Although, as Rivette has said, ‘the film is something that happens to Julie’ in that she is an eminently sensible character transformed by her meeting with the fantastical Céline, the transformation is really much more of a two-way process. For if Julie is weighed down by her past (with memories that are hardly rosy, to judge from the way she clings to the unprepossessing Guilou, as well as from Poupie’s evocation of her wandering mother), Céline is equally shackled by her hopes for the future (illustrated by the absurd fantasies of fame and fortune she weaves at the slightest provocation).

Each girl systematically destroys the other’s ‘baggage’ until, from an amalgamation of Julie’s memory (the house) and Céline’s fantasy (the sinister man and his two ladies), they share an experience (one might almost say an exorcism) from which they emerge in some sense purified (they are now indistinguishable, complementary aspects of each other) and with powers of imagination enriched to a point where they can accept illusion and reality on the same plane (the shot of the two boats tranquilly passing each other as though the borders between truth and fiction no longer existed). At which point, illustrating the gentle caveat at the beginning of the film – ‘Most of the time it started like this…’ – the film comes airily full circle to go through yet another looking glass. A timely reminder, in no way detracting from the seriousness of what Rivette has to say, that Céline and Julie is first and foremost a brilliant jeu d’esprit in which spectators who willingly suspend disbelief – as the punning French title notes that Céline and Julie do – find themselves embarked on a delightful voyage which blends the smiles of a summer afternoon with the mysteries of the haunted house in the secret garden.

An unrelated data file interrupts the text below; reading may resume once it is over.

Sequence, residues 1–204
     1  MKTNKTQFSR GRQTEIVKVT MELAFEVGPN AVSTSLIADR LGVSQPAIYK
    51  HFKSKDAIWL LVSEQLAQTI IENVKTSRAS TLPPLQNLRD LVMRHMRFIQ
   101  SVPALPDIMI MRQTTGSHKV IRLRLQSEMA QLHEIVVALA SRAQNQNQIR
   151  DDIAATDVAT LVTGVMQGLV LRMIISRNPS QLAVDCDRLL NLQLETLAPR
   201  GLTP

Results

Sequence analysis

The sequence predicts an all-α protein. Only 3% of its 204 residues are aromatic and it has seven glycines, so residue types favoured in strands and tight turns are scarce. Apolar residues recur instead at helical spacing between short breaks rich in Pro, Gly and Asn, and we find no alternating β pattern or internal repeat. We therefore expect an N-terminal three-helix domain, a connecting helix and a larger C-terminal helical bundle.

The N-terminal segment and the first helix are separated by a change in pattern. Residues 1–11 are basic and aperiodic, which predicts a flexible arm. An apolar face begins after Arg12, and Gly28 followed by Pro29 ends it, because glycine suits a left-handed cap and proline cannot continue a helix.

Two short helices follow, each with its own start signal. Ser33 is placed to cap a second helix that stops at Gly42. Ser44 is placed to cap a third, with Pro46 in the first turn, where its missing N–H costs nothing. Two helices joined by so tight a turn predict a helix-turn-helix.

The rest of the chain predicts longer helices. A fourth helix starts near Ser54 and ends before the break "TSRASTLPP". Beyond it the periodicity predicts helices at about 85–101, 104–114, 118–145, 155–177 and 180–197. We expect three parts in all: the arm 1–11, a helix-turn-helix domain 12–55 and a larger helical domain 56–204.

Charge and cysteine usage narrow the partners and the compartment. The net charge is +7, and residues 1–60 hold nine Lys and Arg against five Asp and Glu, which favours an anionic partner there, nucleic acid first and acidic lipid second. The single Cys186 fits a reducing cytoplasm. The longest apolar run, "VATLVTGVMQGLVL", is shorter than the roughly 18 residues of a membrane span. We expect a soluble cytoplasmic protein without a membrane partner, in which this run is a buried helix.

Tom Milne, Monthly Film Bulletin, August 1976

Director: Jacques Rivette
Production Company: Films du Losange (Paris)
In association with: Action Films, Films Christian Fechner, Films 7, Renn Productions, Saga Production, Simar Films, V.M. Productions
Producer: Barbet Schroeder
Assistant Directors: Luc Béraud, Pascal Lemaître
Continuity: Irina Lhomme